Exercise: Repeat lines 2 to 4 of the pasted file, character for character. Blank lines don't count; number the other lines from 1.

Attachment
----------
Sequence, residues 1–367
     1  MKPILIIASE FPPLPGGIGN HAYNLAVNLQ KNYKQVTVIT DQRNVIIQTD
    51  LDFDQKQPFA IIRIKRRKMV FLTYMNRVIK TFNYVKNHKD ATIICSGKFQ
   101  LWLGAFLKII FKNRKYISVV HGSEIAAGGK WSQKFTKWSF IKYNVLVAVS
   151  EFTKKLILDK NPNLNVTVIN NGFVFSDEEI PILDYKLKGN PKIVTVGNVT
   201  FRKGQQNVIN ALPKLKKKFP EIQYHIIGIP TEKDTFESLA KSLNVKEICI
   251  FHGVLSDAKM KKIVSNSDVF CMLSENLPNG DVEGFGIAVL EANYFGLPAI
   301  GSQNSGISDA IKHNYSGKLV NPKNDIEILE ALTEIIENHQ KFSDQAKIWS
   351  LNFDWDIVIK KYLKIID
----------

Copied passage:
     1  MKPILIIASE FPPLPGGIGN HAYNLAVNLQ KNYKQVTVIT DQRNVIIQTD
    51  LDFDQKQPFA IIRIKRRKMV FLTYMNRVIK TFNYVKNHKD ATIICSGKFQ
   101  LWLGAFLKII FKNRKYISVV HGSEIAAGGK WSQKFTKWSF IKYNVLVAVS